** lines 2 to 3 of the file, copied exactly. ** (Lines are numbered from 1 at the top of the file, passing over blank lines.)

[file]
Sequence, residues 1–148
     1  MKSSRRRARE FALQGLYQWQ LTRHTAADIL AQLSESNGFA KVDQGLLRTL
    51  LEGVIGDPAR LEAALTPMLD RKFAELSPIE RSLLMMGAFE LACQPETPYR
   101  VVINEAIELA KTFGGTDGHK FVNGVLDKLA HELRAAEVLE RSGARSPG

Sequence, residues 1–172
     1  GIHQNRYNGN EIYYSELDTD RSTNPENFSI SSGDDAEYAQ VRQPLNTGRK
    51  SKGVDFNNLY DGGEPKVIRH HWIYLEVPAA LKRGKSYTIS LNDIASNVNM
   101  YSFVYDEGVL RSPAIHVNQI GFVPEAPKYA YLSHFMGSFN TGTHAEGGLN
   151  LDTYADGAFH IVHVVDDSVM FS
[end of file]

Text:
     1  MKSSRRRARE FALQGLYQWQ LTRHTAADIL AQLSESNGFA KVDQGLLRTL
    51  LEGVIGDPAR LEAALTPMLD RKFAELSPIE RSLLMMGAFE LACQPETPYR